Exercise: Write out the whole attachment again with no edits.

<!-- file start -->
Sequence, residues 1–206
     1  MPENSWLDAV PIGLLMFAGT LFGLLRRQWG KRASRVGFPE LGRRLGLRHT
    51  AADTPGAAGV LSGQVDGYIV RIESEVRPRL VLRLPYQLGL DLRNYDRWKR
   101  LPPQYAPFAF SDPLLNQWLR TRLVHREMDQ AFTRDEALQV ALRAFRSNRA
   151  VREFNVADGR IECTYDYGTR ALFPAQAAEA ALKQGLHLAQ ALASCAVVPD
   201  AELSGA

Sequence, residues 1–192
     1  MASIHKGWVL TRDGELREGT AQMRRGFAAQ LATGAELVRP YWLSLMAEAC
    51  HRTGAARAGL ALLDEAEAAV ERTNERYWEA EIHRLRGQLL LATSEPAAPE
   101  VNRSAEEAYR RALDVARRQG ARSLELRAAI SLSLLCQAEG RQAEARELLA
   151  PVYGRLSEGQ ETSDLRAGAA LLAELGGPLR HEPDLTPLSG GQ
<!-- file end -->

Sequence, residues 1–206
     1  MPENSWLDAV PIGLLMFAGT LFGLLRRQWG KRASRVGFPE LGRRLGLRHT
    51  AADTPGAAGV LSGQVDGYIV RIESEVRPRL VLRLPYQLGL DLRNYDRWKR
   101  LPPQYAPFAF SDPLLNQWLR TRLVHREMDQ AFTRDEALQV ALRAFRSNRA
   151  VREFNVADGR IECTYDYGTR ALFPAQAAEA ALKQGLHLAQ ALASCAVVPD
   201  AELSGA

Sequence, residues 1–192
     1  MASIHKGWVL TRDGELREGT AQMRRGFAAQ LATGAELVRP YWLSLMAEAC
    51  HRTGAARAGL ALLDEAEAAV ERTNERYWEA EIHRLRGQLL LATSEPAAPE
   101  VNRSAEEAYR RALDVARRQG ARSLELRAAI SLSLLCQAEG RQAEARELLA
   151  PVYGRLSEGQ ETSDLRAGAA LLAELGGPLR HEPDLTPLSG GQ